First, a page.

Business development is generally much more forgiving.
The reason is basically this; usually, people ARE PAID to use business software. People PAY to use game software.
This may sound like it's not answering your question, but it really is. When my boss says "use microsoft word for that document", they're providing the software, and I'm obligated to use micosoft word. And so, when using it, when it decides to renumber all my chapter headings "just because" or a save to disk takes 30 seconds while it resolves OLE references (it's JUST ONE FREAKING EXCEL SPREADSHEET, for heaven's sake!), I just grit my teeth and remind myself I'm getting paid to do this.
Whereas, if I'm in a game, I'm expecting entertainment. I'm expecting the experience to work properly, and smoothly, and cleanly, with no major stutters or problems.
Again, getting down to why this is an issue for programming; those loops and structures in the game had better be DAMN good to make sure there is no major slowdown, no stuttering in the game engine, nothing that makes the consumer who just spent X amount of his hard-earned dollars say "this is a piece of crap" and walk away. With business software, you can get away with that sort of thing; in some ways, it's almost expected. Again, look at the performance of Microsoft Word; if it were a game, it would be laughed out of existence.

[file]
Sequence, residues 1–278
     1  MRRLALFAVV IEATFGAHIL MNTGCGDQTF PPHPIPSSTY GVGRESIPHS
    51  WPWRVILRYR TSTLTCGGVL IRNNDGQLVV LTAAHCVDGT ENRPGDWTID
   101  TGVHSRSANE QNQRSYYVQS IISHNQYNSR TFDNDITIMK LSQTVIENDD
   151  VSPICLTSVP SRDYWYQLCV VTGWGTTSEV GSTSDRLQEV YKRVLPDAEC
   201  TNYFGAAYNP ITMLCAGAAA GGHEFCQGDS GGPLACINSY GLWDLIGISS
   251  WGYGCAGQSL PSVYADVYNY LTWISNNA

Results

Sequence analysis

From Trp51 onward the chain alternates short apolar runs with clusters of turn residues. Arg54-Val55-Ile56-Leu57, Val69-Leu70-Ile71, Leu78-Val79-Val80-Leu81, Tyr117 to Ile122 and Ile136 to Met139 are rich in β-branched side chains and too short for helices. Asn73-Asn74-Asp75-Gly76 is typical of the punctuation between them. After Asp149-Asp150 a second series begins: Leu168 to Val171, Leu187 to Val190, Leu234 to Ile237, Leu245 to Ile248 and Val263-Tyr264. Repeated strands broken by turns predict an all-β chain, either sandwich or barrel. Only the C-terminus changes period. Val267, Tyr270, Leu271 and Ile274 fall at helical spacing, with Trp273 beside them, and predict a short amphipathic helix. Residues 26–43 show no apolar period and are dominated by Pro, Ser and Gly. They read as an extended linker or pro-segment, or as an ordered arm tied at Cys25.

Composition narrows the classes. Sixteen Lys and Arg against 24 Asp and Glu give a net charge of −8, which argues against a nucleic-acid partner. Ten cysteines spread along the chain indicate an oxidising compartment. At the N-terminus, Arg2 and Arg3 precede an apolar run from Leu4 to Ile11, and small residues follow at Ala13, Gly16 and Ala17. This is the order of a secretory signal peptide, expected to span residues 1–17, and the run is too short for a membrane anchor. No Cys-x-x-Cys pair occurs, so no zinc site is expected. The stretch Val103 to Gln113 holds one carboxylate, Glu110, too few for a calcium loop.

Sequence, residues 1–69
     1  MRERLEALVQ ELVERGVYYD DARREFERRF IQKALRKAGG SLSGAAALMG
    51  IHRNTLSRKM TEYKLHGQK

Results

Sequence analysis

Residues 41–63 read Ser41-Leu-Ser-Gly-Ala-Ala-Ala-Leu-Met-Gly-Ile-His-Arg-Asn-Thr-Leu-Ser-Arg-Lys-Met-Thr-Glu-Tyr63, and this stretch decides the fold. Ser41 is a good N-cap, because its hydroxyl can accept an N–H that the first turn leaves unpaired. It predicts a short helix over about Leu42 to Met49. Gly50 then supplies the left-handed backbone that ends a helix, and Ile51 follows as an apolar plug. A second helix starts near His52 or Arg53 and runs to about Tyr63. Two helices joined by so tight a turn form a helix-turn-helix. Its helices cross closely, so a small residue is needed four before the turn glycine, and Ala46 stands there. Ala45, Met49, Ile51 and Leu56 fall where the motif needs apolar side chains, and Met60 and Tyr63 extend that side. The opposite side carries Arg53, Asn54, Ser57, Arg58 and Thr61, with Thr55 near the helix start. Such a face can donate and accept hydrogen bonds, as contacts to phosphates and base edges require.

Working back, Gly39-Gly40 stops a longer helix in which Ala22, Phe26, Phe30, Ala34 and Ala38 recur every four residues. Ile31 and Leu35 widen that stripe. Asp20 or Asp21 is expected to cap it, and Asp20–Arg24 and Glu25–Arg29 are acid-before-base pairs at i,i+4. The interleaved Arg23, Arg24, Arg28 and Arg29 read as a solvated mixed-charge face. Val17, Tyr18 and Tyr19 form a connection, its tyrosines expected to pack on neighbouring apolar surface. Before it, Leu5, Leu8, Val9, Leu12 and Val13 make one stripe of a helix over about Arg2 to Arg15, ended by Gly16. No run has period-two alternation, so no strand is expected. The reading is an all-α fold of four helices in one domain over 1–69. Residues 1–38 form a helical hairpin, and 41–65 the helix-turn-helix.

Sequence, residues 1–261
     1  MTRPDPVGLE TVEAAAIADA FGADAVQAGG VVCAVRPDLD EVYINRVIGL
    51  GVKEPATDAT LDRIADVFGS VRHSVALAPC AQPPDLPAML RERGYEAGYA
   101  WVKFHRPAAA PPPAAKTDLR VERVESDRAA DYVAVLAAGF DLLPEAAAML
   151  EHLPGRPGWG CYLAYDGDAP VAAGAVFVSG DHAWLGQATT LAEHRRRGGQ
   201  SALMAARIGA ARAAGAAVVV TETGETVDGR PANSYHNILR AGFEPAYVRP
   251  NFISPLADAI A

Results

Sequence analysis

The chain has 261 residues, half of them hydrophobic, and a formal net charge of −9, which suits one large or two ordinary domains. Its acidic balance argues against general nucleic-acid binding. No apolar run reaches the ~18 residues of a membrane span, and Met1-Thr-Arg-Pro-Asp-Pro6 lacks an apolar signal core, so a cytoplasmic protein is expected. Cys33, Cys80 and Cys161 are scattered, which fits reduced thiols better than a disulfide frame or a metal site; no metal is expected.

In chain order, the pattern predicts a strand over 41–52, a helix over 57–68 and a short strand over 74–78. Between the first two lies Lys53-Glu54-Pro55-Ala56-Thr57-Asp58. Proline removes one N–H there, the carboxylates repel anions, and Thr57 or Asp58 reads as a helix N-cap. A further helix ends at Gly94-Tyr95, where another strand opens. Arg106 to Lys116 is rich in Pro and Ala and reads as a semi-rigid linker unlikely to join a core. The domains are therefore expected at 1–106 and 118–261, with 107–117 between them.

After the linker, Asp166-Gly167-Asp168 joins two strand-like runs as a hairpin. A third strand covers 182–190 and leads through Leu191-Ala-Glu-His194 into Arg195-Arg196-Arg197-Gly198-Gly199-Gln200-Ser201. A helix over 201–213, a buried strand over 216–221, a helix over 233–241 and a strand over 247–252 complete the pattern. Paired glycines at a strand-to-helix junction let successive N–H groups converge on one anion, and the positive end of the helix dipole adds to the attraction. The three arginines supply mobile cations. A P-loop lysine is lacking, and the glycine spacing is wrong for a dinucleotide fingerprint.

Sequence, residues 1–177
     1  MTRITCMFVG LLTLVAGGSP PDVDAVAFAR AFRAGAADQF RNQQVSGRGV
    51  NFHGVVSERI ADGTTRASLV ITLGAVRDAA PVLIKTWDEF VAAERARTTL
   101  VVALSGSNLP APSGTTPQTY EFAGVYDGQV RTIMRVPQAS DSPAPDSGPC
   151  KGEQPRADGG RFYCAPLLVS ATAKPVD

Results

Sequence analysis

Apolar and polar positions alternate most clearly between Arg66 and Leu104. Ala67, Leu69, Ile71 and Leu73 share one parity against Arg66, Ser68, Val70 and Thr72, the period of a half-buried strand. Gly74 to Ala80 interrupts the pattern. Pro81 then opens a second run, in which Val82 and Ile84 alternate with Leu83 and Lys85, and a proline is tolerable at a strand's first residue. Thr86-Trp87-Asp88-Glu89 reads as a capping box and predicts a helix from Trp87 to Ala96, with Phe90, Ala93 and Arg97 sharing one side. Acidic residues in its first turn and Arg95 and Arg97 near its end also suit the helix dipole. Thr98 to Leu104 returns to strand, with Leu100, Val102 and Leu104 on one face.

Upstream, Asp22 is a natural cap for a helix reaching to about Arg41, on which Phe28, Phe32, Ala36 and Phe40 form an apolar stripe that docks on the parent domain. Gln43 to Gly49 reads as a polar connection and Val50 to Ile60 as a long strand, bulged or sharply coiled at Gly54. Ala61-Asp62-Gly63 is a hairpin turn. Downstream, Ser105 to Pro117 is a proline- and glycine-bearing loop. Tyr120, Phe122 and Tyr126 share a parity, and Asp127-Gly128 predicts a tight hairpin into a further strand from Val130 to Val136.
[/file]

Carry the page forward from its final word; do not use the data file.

I know I sound like I'm picking on Microsoft Word, and I generally am, because I find it to be hideous, but the point is true for so many pieces of software. CAD software is another example. Same basic things going on as in games, but in general it's slow and hard to work with without a lot of training.
The difference comes down to polish, and the level of polish that's expected. Yes, there's generally more flexibility in business software than there is in games; but moreover and more importantly from a coding perspective, the code has GOT to work efficiently and cleanly in a game; business software is, generally, more forgiving of sloppy code.
In a business app, unoptimized and slow algorithms are generally accepted; and while they're never preferable, frequently the business decision gets made to add another feature instead of improving the performance. But in games, performance IS a feature, and one which is make-or-break.